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Posted: Friday, November 17, 2017 - 12:27 PM UTC
the glue I use is testors n the bottle or ca insta -curr+ they both work well and I have time to get the part off If I have too
j76lr
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New Jersey, United States
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Posted: Friday, November 17, 2017 - 04:45 PM UTC
I like Tamiya , only drawback is the brush is too short . Mr Cement is good too .
Kevlar06
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Washington, United States
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Posted: Friday, November 17, 2017 - 06:22 PM UTC

Quoted Text

I like Tamiya , only drawback is the brush is too short . Mr Cement is good too .



As mentioned above, you can pull the brush out to lengthen it a little if need be. I save the brushes, and mount them on a brass tube handle for use with other glues.
VR, Russ
U-mark
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Michigan, United States
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Posted: Friday, November 17, 2017 - 06:54 PM UTC
I started using Tamiya a few months ago after the stash of Tenax I had squirreled away finally ran out. I'm very pleased with how the green cap works, it doesn't dry quite as fast as Tenax did and it flows better. I use the orange cap on parts that need to be fiddled with, like tracks, because of it's slower drying time.
Scarred
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Washington, United States
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Posted: Friday, November 17, 2017 - 09:46 PM UTC
With as many varieties of plastic as there are kit manufacturers I keep a variety of liquid cements at hand, Testors, Tamiya extra thin, micro weld, tenax, and plain old MEK. Most of the time I'll use Tamiya and micro weld. And the best brush I've found for gluing is a 5/0. Fine enough to get into small nooks and crannies and carries the right amount of cement.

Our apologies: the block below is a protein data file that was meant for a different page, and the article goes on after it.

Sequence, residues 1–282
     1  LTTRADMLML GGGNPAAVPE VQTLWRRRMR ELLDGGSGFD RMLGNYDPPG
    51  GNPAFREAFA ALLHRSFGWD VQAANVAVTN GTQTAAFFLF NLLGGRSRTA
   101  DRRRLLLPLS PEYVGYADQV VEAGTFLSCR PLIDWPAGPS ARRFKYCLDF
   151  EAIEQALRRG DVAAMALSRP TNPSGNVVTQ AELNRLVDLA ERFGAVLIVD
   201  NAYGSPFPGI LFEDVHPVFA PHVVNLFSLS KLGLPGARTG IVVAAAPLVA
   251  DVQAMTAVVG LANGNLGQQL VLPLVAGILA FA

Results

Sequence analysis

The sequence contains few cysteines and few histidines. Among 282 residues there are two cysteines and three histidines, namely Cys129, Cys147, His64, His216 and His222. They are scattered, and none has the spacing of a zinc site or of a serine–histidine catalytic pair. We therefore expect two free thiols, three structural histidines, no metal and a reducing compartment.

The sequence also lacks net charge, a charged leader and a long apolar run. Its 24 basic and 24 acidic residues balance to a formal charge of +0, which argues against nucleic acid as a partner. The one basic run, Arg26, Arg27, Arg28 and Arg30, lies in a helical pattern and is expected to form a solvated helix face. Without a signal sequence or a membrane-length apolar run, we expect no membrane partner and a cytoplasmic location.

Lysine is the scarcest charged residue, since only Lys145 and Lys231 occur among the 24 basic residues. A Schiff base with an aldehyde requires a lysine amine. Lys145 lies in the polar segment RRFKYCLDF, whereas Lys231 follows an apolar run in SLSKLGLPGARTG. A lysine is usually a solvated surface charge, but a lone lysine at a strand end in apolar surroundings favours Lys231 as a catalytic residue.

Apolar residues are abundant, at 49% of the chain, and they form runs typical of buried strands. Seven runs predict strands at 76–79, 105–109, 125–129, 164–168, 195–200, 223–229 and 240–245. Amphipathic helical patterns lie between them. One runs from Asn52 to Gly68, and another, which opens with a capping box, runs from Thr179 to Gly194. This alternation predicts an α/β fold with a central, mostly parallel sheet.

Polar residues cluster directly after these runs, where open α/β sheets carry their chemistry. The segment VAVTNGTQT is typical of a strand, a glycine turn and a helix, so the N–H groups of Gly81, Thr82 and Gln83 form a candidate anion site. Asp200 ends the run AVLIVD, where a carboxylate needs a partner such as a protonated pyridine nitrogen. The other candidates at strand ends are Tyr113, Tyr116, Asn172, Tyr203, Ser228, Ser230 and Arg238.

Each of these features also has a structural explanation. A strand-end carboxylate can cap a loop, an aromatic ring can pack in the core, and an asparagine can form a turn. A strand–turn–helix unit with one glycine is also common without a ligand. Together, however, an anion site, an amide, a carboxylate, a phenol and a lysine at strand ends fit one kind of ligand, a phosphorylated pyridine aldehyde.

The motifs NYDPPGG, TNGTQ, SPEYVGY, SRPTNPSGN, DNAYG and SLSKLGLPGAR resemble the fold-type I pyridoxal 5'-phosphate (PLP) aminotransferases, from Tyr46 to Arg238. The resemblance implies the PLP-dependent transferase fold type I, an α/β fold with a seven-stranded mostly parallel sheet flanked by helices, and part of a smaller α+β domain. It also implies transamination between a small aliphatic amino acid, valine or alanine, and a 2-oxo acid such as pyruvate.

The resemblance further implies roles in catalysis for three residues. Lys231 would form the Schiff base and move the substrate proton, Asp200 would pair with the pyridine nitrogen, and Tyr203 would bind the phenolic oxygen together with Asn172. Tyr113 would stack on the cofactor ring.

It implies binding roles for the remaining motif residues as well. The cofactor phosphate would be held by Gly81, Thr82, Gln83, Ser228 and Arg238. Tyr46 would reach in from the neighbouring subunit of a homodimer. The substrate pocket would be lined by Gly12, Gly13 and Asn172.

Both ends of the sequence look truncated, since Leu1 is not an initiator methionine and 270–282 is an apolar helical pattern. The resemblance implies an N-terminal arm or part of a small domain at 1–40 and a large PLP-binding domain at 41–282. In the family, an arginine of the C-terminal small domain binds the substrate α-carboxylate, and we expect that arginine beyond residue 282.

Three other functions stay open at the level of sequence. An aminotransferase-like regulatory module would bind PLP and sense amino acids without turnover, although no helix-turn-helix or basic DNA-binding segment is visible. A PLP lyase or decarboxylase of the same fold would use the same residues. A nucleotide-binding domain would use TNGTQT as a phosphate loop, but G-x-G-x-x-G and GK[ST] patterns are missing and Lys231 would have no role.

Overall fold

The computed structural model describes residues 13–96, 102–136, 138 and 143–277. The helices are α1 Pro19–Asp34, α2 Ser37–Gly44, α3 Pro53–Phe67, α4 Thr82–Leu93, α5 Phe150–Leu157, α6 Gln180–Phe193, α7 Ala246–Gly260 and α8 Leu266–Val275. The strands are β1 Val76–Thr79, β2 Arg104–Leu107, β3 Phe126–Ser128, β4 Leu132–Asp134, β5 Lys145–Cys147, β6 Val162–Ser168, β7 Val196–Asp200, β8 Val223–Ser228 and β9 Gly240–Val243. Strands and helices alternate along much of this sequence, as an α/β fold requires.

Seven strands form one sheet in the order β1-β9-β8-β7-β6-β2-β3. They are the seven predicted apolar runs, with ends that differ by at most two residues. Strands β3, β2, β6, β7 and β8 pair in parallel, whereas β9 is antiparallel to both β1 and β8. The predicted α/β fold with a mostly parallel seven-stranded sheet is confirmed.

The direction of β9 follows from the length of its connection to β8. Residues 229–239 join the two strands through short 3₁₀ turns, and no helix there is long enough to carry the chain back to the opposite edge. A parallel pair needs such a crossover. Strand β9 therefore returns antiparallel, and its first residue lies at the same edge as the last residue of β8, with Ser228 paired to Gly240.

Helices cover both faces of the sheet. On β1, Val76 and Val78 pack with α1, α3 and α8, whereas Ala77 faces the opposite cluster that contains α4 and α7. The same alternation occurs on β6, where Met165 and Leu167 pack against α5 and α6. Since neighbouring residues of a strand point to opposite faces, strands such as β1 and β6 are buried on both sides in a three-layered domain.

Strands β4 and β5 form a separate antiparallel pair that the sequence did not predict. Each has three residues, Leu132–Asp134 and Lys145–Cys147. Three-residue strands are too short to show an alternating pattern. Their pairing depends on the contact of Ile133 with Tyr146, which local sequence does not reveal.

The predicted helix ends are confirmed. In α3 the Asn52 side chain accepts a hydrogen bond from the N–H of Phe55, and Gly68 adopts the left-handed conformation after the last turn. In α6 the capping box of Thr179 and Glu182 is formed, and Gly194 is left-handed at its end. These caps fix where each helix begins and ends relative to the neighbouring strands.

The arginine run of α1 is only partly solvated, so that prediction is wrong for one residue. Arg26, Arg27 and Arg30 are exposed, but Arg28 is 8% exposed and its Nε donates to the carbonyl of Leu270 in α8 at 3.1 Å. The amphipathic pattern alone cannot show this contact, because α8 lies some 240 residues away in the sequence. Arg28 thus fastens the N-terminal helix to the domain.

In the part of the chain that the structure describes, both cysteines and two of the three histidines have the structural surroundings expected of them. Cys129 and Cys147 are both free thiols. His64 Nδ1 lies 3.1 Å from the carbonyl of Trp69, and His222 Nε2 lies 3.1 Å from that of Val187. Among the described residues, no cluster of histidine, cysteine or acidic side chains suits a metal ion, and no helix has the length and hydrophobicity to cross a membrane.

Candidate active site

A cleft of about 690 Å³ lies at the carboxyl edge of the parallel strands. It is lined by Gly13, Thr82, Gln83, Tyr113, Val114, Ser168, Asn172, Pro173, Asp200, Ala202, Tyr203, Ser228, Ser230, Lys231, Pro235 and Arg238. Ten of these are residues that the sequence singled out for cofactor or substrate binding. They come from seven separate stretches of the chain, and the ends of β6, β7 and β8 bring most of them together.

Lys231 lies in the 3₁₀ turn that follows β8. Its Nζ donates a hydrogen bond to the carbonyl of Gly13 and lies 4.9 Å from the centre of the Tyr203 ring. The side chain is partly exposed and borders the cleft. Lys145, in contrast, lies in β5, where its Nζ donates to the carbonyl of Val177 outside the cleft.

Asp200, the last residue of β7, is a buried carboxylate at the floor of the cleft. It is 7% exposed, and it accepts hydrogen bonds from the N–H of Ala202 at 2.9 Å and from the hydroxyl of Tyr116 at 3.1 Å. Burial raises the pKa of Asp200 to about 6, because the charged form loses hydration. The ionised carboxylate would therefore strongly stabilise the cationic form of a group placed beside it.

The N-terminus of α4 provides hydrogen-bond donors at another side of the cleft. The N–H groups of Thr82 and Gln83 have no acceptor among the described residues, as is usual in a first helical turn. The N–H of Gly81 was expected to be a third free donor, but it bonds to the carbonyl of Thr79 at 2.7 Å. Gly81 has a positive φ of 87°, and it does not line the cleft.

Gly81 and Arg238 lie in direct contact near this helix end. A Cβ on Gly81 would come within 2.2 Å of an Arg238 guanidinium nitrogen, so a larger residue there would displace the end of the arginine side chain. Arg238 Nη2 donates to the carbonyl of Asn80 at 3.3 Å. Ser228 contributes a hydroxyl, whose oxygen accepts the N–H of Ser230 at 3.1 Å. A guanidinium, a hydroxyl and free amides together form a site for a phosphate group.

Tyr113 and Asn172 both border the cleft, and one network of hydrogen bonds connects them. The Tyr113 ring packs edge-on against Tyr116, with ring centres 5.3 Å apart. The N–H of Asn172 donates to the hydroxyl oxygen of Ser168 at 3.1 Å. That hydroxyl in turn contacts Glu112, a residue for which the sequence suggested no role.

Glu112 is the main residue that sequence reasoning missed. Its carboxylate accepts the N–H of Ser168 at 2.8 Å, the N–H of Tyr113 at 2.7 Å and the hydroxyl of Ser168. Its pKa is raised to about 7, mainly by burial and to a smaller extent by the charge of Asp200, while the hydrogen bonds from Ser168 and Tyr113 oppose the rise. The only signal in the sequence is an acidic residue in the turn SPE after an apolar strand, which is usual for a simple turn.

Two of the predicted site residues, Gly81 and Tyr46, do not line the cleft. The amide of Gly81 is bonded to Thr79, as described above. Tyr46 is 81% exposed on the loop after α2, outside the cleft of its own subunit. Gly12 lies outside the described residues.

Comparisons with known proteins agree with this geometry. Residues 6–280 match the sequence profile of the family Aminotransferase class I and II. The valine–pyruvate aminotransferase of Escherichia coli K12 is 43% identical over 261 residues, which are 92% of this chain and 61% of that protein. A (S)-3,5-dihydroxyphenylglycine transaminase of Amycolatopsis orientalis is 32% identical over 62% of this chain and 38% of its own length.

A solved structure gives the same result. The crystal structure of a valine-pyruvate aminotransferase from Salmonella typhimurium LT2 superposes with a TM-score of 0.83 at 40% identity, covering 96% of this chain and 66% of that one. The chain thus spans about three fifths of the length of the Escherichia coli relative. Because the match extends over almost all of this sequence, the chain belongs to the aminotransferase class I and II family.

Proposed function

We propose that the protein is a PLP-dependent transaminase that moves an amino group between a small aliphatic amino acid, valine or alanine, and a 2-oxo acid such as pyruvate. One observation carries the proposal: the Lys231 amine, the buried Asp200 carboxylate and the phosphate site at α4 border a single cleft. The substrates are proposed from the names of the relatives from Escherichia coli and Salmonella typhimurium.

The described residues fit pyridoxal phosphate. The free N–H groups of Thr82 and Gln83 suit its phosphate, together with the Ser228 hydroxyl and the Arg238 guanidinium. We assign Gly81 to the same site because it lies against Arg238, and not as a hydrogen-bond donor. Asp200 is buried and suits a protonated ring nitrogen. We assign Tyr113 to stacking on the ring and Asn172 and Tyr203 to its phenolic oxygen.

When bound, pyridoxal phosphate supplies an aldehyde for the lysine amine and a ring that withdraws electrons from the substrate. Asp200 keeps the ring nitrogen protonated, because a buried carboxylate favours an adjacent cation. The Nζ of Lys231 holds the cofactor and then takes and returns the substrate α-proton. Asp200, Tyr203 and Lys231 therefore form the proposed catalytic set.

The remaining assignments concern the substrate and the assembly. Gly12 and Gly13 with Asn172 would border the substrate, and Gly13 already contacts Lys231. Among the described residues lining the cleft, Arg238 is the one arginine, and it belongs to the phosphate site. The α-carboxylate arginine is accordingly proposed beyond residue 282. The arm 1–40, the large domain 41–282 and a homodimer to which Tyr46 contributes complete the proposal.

reteip9
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Friesland, Netherlands
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Posted: Saturday, November 18, 2017 - 01:28 AM UTC
Personally I wouldn't use chlorinated solvents as glue, dichloromoethane (DCM) is generally considered to be the the least toxic of the chloromethanes but exposure to DCM has been linked to increased risk of cancer. Also besides it's possible carcinogenity it's also toxic and while using small amounts for gluing plastic parts might be okay for the short term long term exposure might have real consequences (source: https://www.atsdr.cdc.gov/toxprofiles/tp14.pdf ) The other three chloromethanes are even more toxic than DCM. In my organic chemistry practicals we were pretty much forbidden from using large quantities of chlorinated solvents, the only chlorinated solvent we used was deuterated chloroform (CDCl3)as a solvent for NMR spectroscopy and when we used that we used about 2 ml per sample and we transferred it in a fume hood to limit exposure.
md72
#439
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Washington, United States
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Posted: Saturday, November 18, 2017 - 01:51 AM UTC
I mostly use Tamiya Extra Thin for fuselage and wing seams. I usually use a ruling pen. It gives me better reach the cap brush, I can even adjust the amount of glue in the jaws depending on how much I want to get in the joint.
Treadhead55
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Alabama, United States
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Posted: Saturday, November 18, 2017 - 06:25 AM UTC
In response to Pieter's comment......

Understanding your concern.

I've a question. Did anyone ever read the Material Safety Data Sheets or similar for the PEL? PPE is always or should be recommended.

However I think that it should be noted that in the vast majority of public water supplies in the free world Chlorine is used for disinfection and residual protection in water systems. All or virtually all of said systems are affected by TTHM ( Total Trihalo Methanes) and HAA5 ( Halo Acidic Acids ) constituents. same items that you referenced.

Also the very plastic ( most all forms) you handle in a kit or sand contains the same constituents.

PEL Permissible exposure limits are key.

You would have to drink or absord into your systems a lot of these to become ill or develop cancer in the environment of modeling.

RC